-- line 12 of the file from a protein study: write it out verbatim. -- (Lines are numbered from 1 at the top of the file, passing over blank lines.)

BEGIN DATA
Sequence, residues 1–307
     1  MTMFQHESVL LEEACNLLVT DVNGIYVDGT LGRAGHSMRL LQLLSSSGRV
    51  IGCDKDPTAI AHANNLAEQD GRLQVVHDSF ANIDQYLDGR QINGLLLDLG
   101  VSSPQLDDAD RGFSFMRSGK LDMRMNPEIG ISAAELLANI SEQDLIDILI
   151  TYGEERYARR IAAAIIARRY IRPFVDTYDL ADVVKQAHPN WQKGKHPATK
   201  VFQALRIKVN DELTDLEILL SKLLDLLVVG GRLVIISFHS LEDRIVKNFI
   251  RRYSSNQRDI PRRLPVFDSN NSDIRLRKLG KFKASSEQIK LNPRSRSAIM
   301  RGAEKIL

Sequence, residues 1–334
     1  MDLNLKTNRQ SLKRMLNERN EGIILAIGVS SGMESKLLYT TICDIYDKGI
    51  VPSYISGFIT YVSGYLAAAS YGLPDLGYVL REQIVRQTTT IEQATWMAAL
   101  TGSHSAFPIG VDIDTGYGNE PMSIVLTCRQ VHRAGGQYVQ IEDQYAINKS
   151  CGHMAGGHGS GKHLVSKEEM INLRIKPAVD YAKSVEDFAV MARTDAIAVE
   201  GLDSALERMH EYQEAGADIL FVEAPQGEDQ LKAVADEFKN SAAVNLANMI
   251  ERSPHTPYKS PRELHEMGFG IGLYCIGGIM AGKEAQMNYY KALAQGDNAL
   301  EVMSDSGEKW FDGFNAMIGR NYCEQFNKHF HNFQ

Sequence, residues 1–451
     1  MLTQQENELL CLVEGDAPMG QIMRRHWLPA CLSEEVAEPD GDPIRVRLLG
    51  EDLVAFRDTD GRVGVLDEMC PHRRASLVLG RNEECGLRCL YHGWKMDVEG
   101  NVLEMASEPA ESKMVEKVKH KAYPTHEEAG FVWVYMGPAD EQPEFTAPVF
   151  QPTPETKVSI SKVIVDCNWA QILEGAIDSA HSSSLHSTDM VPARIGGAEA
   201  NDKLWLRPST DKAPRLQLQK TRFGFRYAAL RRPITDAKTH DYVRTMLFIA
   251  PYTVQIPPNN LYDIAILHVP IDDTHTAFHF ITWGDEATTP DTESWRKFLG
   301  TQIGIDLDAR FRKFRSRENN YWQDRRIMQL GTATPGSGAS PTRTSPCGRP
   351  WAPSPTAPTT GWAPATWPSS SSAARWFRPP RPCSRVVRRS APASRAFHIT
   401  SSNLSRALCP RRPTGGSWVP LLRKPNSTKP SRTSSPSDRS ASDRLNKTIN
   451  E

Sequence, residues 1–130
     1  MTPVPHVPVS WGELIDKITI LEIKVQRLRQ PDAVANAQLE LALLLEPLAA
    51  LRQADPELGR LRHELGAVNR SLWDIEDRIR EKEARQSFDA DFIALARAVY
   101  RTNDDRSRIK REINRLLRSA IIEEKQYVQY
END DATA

   101  TGSHSAFPIG VDIDTGYGNE PMSIVLTCRQ VHRAGGQYVQ IEDQYAINKS